Heart failure, high blood pressure and many other common health conditions all have one thing in common - reducing the amount of sodium in your diet. But the problem is that salt is everywhere in foods, even if you personally don’t add it to anything served. This makes following a low-sodium diet a challenge.
Frozen dinners, canned soups, fast food restaurants and even fine dining establishments all can feature extra salt, working against anyone with high blood pressure or heart failure. Salt’s main ingredient is sodium, which causes the biggest health problems.
If you’ve recently suffered a heart attack or been diagnosed with heart failure, your doctor likely wants you to reduce your sodium intake because heart failure causes the body to retain sodium. Extra sodium can cause fluid to build up in your body, and extra fluid makes your heart work harder - not a good thing for a muscle already under strain.
A low-sodium diet means restricting your daily sodium intake to just 2,000 to 3,000 milligrams (mg) - a little more than 1 teaspoon per day. You get sodium either from table salt or from other food items. But don’t get sodium and salt confused. Sodium is a component of table salt and represents about 40 percent of the content of salt. Certain kinds of salt, like sea salt, have a bit less sodium, but a low-sodium salt does not exist. Beyond table salt, sodium is a mineral found in many foods. FDA-mandated food labels now prominently list the amount of sodium in foods.
So how can you cut back on sodium?
The Heart Failure Society of America, an organization aimed at improving quality of life for people diagnosed with heart failure and helping prevent the condition in those at risk, offers a few helpful tips:
1. Lose the salt shaker.
If you stop adding salt while you cook or when you sit down at the table, you can cut your sodium intake as much as 30 percent. Instead of adding salt to make food taste better, substitute more healthful seasonings, like black, cayenne or lemon pepper; herbs like garlic, onion powder, dill, parsley and rosemary; lemon juice and flavored extracts like vanilla or almond.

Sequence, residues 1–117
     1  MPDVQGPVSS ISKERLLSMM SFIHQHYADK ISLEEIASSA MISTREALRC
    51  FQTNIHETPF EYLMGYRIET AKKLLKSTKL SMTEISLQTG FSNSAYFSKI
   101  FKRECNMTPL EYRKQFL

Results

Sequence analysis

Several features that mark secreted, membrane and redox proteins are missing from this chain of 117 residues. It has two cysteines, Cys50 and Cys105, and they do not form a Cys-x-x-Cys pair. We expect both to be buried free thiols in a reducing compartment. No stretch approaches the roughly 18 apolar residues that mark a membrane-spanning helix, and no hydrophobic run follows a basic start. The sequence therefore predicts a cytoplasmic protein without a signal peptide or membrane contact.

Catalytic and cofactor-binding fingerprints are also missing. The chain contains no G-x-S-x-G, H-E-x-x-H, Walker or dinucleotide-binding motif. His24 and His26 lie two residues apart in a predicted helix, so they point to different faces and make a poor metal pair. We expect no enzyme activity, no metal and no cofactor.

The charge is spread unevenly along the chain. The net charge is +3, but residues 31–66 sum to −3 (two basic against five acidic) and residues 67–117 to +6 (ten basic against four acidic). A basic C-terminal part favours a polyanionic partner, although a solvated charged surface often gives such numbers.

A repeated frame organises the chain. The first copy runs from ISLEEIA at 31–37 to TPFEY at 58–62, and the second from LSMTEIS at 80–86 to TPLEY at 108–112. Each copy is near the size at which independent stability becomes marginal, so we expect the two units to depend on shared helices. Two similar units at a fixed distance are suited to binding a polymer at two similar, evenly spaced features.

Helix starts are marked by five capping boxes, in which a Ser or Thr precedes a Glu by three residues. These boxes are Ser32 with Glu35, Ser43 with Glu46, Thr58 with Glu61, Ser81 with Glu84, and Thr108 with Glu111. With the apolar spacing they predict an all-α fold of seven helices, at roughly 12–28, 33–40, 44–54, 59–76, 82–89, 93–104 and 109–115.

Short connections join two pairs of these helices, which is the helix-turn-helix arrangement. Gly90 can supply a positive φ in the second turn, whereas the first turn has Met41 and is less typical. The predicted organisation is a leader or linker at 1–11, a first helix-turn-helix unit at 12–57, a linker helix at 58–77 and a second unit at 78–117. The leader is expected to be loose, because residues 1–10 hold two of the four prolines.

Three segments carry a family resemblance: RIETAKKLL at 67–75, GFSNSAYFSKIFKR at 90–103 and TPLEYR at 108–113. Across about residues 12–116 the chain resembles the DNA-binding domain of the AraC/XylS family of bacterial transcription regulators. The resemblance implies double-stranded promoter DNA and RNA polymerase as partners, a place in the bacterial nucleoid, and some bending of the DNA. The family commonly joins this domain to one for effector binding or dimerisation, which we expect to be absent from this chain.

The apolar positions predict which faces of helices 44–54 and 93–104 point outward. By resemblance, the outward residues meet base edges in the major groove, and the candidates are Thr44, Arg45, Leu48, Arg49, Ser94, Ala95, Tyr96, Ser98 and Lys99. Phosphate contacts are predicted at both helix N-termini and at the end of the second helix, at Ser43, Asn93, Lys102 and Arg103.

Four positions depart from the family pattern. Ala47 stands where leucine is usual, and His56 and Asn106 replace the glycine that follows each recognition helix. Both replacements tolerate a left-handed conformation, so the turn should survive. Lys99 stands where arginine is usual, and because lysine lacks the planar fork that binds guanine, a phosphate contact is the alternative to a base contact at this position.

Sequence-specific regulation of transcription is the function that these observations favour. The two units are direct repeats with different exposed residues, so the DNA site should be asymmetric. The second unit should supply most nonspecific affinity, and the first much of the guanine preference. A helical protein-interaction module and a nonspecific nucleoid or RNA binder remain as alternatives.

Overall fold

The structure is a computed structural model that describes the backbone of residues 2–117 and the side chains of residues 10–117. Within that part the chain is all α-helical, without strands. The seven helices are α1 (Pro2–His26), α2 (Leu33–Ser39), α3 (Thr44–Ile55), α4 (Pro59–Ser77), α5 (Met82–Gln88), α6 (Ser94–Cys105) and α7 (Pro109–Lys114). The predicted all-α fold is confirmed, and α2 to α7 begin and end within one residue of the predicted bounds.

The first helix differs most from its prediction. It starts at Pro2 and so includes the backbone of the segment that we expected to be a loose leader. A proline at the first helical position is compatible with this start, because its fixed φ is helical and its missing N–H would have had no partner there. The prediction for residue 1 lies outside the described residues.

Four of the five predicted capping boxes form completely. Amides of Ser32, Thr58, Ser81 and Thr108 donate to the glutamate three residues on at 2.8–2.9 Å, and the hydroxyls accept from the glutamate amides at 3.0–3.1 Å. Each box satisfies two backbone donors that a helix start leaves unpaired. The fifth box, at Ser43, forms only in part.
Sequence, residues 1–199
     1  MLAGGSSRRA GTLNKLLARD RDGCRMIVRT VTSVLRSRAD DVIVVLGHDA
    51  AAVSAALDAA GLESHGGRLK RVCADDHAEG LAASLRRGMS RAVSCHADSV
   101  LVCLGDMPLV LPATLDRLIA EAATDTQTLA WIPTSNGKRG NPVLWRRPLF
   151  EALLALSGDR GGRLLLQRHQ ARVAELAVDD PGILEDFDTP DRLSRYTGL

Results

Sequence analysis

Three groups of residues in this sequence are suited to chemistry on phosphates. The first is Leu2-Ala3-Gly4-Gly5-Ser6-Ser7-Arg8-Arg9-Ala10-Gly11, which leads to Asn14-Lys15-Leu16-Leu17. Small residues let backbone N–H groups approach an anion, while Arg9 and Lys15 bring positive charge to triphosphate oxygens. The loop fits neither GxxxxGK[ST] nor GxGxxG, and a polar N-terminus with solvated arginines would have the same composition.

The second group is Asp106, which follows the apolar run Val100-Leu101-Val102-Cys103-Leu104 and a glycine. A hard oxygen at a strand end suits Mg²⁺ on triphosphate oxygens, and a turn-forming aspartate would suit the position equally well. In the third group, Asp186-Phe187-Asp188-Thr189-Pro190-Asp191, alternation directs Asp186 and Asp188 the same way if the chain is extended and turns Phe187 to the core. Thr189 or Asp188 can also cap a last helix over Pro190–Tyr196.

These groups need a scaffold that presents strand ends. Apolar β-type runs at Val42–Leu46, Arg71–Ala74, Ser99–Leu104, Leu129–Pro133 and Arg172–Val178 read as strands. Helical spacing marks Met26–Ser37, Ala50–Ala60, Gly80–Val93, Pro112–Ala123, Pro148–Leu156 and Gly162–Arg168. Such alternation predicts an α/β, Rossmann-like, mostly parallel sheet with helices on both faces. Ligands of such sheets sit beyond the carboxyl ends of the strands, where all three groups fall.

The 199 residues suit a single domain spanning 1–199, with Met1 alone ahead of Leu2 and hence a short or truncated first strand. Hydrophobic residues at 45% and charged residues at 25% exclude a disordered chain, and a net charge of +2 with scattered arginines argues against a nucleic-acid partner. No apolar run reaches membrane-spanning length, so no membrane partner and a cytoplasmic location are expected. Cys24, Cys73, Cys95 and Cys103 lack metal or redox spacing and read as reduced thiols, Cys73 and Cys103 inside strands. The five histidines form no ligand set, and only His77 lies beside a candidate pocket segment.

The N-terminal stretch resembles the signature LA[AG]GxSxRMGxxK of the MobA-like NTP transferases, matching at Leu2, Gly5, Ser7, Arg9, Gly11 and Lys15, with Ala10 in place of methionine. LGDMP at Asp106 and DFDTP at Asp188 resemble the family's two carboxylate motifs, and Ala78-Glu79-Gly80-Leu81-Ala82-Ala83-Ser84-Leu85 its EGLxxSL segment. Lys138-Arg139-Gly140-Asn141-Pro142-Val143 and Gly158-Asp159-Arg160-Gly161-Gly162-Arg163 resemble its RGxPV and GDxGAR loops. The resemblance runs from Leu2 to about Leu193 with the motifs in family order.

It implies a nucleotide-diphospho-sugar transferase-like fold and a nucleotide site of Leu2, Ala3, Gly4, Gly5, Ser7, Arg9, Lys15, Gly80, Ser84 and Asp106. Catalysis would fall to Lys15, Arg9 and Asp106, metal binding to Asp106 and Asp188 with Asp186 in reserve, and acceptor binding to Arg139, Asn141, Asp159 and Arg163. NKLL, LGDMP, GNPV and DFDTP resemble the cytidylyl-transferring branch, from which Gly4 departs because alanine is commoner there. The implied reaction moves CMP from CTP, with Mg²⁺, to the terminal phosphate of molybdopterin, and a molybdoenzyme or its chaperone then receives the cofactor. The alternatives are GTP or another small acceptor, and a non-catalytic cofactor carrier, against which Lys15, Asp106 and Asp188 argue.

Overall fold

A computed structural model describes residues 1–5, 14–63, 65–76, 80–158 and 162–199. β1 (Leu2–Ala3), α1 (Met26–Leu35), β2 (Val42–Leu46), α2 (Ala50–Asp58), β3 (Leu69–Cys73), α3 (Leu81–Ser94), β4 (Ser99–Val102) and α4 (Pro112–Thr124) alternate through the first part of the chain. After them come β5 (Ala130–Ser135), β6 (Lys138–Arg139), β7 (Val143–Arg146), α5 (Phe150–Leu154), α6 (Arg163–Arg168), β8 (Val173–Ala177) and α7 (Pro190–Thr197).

2. Choose low-sodium versions of favorite foods.
Instead of preparing a country ham - which is very high in salt content - cook a fresh, lean pork roast. Substitute freshly cooked and sliced chicken, turkey, roast beef or pork for lunch meats that usually contain a lot of sodium. Instead of buying salty canned soups, chop up fresh veggies and cooked meats, toss them in the slow cooker and season with herbs and spices. If you must buy canned soups or vegetables, look for labels that say “sodium-free,” “no salt,” “low sodium,” “reduced sodium” or “unsalted.”
3. Pick foods naturally low in sodium.
Generally, you can eat as much fresh food as you want without counting the sodium content. Fresh fruits and vegetables, including freshly squeezed fruit and vegetable juices, have very little sodium.
The same is true for fresh meat, poultry and fish. If you are not eating fresh foods, choose other low-sodium foods as much as possible, such as canned fruits, plain frozen vegetables and dried beans, peas, rice and lentils.
4. Learn to read food labels.
By reading food labels, you can learn which foods are high and low in sodium. As a rule, most processed foods, whether they are frozen, canned or boxed are high in sodium, but don’t rule them out entirely. Some packaged foods are available in low- or no-salt versions.
It can be difficult to change your eating habits, but try introducing changes slowly instead of all at once. It may take weeks before you enjoy the taste of low-sodium foods, but your taste buds will adjust.
Be patient. Eventually you won’t even miss the salt.
To learn more about heart failure and how to manage your condition, log on to the Heart Failure Society of America’s Web site: www.abouthf.org.
Courtesy of ARAcontent